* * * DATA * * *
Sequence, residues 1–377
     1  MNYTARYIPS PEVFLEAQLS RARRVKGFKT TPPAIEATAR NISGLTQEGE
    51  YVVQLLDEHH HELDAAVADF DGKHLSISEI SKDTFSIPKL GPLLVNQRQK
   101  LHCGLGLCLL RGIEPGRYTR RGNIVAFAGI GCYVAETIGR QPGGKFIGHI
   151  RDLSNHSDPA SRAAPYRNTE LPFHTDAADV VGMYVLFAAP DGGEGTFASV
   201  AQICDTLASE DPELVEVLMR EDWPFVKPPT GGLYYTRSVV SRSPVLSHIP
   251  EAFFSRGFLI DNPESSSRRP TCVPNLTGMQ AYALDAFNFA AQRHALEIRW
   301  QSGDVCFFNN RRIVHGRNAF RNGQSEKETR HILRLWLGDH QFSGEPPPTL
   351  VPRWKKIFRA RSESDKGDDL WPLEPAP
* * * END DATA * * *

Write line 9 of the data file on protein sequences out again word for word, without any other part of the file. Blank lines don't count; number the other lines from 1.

   351  VPRWKKIFRA RSESDKGDDL WPLEPAP